There are many reasons why you should consider Sun Silicates as your trusted horticultural perlite supplier. For example, due to the fact that we are the only local manufacturer of both perlite and vermiculite. Furthermore we are in a unique position to supply premixed products that are custom-made to our customer’s requirements. For more information about our horticultural perlite for sale, please do not hesitate to get in touch with our team.

The Role of Perlite in Hydroponic Culture

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Perlite has been utilised successfully  in a wide range of horticultural applications, and its role in hydroponic culture is no exception. There have been a number of studies that have demonstrated the superiority of perlite in comparison to numerous other substrates  used in hydroponic culture. 

Benefits of Perlite in Hydroponics

One of the benefits of using perlite in  hydroponics is the fact that it has been proven to drastically increase crop yields. It  also works better as a rooting medium when compared to another popular choice within hydroponic culture, namely rockwool. Perlite boasts maximum capillarity and, as a result, has the ability to maintain a constant supply of water and nutrients when the plant container is placed in a shallow reservoir of a solution rich in moisture and nutrients. The perlite effortlessly draws the solution up from the reservoir, complementing the rate at which the plants naturally absorb water. 

Perlite is also the ‘greener’ choice from a reusability perspective. Contrary to rockwool, it is able to retain its superior water and air balance for a number of years as long as treated correctly. It can be reused over the course of a number of growing seasons, following which it can be used as part of a nutritious potting mix or to aid in conditioning the soil. Disposing of rockwool may be problematic as it is not a natural mineral.

Finally, it is also known that perlite is especially straightforward to manage. And, it is extremely affordable, particularly when bulk perlite is purchased from a reputable supplier.

Buy Bulk Perlite for Hydroponics in South Africa 

Are you looking to embrace perlite hydroponics in South Africa? If so, you will require a supplier that you can trust for quality. Look no further than Sun Silicates. We focus on supplying high-tech products to, amongst others, the chemical, metallurgical, construction and agricultural sectors. For more information about investing in bulk perlite for hydroponics, please do not hesitate to get in touch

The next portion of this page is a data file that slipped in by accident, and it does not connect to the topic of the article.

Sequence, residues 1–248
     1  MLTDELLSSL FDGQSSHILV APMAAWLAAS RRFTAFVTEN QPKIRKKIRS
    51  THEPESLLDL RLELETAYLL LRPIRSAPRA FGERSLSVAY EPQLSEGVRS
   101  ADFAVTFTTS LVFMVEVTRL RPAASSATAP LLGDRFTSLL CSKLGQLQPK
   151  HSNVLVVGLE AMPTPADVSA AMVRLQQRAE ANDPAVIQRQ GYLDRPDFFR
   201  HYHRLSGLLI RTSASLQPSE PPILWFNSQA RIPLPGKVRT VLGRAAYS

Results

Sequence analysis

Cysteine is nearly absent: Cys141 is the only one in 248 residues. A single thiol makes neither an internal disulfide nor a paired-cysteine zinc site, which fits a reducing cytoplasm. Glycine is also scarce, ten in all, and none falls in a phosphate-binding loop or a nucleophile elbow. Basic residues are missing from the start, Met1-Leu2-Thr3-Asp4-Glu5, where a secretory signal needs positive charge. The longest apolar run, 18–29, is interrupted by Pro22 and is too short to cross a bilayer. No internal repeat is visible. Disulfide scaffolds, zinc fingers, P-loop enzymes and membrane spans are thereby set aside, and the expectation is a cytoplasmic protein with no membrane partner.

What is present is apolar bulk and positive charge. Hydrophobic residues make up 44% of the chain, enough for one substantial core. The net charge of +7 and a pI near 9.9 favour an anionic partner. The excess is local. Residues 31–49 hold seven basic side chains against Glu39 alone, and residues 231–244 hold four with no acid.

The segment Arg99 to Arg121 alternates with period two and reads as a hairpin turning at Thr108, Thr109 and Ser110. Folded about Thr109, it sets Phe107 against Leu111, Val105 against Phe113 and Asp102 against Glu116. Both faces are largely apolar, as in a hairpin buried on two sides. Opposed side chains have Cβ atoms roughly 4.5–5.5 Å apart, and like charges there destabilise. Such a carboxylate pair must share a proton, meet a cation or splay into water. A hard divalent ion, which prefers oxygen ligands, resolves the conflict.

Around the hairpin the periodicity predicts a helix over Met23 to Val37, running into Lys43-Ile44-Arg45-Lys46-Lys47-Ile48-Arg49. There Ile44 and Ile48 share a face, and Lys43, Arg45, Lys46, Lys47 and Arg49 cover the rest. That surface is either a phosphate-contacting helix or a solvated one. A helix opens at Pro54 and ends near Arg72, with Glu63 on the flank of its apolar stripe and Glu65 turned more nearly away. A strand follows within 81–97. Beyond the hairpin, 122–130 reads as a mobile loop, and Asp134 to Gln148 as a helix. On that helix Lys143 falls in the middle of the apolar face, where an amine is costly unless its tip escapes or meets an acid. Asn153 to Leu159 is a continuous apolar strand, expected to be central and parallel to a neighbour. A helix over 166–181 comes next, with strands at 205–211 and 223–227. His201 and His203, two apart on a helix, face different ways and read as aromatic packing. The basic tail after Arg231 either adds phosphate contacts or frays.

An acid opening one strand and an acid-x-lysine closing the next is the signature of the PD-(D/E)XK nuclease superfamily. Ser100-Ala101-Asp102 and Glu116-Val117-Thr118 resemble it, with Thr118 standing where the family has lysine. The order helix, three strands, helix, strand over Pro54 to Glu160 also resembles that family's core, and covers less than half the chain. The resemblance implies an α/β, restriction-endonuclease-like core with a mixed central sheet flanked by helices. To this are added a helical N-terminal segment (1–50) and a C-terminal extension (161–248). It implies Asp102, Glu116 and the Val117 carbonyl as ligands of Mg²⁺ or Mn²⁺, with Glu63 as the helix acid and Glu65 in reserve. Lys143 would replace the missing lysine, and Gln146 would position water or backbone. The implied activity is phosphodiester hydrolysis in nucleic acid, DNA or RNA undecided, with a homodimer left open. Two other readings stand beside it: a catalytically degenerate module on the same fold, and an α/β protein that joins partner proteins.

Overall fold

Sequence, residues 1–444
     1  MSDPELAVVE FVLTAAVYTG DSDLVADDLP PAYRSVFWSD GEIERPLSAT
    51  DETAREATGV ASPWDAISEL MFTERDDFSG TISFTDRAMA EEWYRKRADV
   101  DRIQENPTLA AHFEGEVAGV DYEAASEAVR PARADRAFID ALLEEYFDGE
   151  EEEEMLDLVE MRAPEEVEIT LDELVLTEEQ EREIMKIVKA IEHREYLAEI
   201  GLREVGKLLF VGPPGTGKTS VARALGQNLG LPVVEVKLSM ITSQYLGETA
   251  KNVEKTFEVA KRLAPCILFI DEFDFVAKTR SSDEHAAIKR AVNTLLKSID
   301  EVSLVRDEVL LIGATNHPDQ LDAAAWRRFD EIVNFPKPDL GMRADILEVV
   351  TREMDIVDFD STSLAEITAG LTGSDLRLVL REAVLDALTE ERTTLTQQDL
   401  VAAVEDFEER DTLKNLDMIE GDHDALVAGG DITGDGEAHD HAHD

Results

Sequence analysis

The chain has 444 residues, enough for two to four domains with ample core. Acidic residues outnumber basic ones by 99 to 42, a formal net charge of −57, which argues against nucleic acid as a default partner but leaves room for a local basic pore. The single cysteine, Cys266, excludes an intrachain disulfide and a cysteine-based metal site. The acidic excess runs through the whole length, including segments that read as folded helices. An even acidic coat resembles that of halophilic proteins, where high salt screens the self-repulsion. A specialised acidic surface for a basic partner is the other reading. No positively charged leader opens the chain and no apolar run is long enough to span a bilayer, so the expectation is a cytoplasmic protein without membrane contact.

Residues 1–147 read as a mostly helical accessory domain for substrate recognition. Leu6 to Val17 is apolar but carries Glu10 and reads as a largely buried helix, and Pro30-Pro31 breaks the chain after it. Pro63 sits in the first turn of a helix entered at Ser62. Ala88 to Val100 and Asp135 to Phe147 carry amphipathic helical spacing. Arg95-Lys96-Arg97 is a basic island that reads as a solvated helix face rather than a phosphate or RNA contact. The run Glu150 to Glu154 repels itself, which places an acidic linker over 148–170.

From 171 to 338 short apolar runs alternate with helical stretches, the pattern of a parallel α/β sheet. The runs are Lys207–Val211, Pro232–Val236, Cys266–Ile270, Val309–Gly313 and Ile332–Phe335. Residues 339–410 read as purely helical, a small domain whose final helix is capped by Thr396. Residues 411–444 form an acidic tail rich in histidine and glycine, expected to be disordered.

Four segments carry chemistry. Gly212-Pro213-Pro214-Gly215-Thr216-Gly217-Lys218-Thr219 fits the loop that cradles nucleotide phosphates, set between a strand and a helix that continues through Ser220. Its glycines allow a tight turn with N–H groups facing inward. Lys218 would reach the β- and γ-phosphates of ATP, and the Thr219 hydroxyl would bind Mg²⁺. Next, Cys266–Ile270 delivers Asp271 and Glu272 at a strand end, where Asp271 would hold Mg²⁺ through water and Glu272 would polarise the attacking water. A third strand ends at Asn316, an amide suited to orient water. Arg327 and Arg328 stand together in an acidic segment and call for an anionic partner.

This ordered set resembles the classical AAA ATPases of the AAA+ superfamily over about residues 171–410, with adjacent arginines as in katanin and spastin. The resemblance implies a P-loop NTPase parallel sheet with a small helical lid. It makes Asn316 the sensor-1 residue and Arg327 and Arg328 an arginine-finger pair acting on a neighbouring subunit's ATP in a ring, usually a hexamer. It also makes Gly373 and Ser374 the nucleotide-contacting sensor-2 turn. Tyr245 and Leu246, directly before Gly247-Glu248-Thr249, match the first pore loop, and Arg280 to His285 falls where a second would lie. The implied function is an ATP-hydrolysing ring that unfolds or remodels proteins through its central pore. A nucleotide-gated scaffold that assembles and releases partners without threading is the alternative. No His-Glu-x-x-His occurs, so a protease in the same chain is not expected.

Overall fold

The importance of perlite and its size distribution in growing media

Gerbrand Haasbroek

DON’T JUST BLEND IN…

Understanding the purpose that each growing medium serves is the first step to selecting a unique blend for your needs.

Air, water and nutrients are the three basic requirements of plants and finding a balance between these three will ensure you promote strong root growth and healthy plants.

Photosynthesis is another key process in plant growth, however the reactions and interactions taking place below the surface of the growing medium is often neglected. The roots and microorganisms within a growing medium absorb oxygen and release carbon dioxide. As the carbon dioxide fills the growing medium, it must be replaced by oxygen so that the roots are protected from carbon dioxide poisoning and can partake in root respiration.

Oxygen traverses into a growing medium through the process of diffusion. The oxygen moves from an area of high concentration, which in this case would be the environment, to an area of low oxygen concentration. Many growing mediums become waterlogged during irrigation which either entraps the carbon dioxide within the medium or the water surrounds the entire root system thereby suppressing the presence of oxygen available to the roots.

The importance of providing water to a plant is affected by the water supplied and the water drained.  Finding and maintaining a balance between these two factors will be key to creating the most favourable environment for your plants. The ability to hold water in your medium is largely dependent on the material type and the particle size distribution of your medium.

A BLEND IS BEST…

Bark, Peat and Coir are the most common growing media as they are able to retain high levels of water. Bark mediums can have up to 40 % pore space which absorbs and stores water whilst coir has a fine pore structure which is ideal for high water holding capacity. Peat and peat mosses are comprised of partially decomposed plants which are able to retain their cellular structure which ensures a high water-holding capacity.

The ability of a medium to hold water stems from the pore size. A smaller pore, known as a micropore, has the ability to store water due to capillary forces which in this case are stronger than the gravitational pull on the water.  The presence of these micropores and their quantity influences the measure of the water holding capacity of a growing medium. In addition to micropores, the formation of macropores within a growing medium is equally important.